The report cites evidence showing that only 28% of people believe that science journalists check the “reliability of research findings before they write about them”. It also notes that reporters typically cover new scientific findings rather than the general methods and principles of science. This represents a problem to the MPs who compiled the report who believe that an understanding of methods is crucial in order for journalists to make sound judgements about the credibility of findings. In response to the inquiry, the BBC’s science editor said the organisation had run courses for reporters on this area.

Journalists have a great responsibility to avoid false balance. Microgen/Shutterstock

Perhaps more worrying is the tendency of many journalists to strive for “balance” – presenting each opinion alongside the opposing view – at any cost. This is well-meaning but can be dangerous – leading, as it can, to scientific expertise being treated as a political opinion. In science there are many conclusions that the vast majority of scientists agree on – and these are grounded in strong scientific evidence. So giving voice to a maverick scientist may give the false impression that there is divided opinion on a topic. This has happened several times in the past, such as with the MMR vaccine and climate change.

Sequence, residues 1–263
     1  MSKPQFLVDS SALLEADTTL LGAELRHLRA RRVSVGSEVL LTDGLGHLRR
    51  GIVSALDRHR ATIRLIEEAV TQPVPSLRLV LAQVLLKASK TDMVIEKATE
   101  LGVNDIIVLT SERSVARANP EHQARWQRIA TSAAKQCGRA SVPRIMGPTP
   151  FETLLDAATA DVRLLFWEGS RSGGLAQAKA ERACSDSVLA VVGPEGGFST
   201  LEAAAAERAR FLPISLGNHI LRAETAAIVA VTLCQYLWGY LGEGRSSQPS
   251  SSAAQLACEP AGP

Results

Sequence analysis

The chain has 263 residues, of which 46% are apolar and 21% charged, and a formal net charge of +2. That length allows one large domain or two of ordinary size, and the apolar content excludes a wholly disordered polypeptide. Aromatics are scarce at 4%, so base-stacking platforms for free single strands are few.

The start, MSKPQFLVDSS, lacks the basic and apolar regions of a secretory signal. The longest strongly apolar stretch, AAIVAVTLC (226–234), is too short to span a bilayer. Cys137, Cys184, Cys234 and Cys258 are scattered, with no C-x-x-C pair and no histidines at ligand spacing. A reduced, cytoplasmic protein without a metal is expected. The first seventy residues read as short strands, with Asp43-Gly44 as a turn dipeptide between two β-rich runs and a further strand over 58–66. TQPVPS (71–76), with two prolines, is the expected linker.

The report argues that the media needs a more sophisticated way of ensuring that experts quoted in articles about science really are experts. I’d agree. In a world where trust in expertise has been lost, it is crucial that we get across the message that science is more than just another opinion.

The backdrop to the MPs’ inquiry was a 2014 government report suggesting that a loss of trust in the media has diminished the credibility of science journalism. But three years later, it is short sighted to focus on inadequacies within traditional media. Of bigger concern is how content within social media platforms masquerades as journalism, or how social media’s aggregation of journalism content makes it more difficult to distinguish truth from falsehood.

It is also crucial that politicians are mindful of the consequences for science of dismissing journalism as “fake news”, which is luckily still unusual. There may be a need for politicians to undertake training in understanding the scientific method to help them distinguish fact from fiction.

Scientists and the public need the media more than ever to help navigate this increasingly complex information ecosystem – but this also means more effectively protecting the press as its ad revenue shifts over to social media platforms, causing even greater limitations in their capacity to deliver the kind of science journalism we desperately need.

It is fitting then, that on April 22, scientists around the world want everyone – not just scientists – to march for science, because everyone benefits from science and from scientists speaking their mind. As the world embraces a more dynamic practice of “citizen journalism”, scientists must be a part of this and be adequately prepared to get involved with public debate about their work, without fear of reprisals.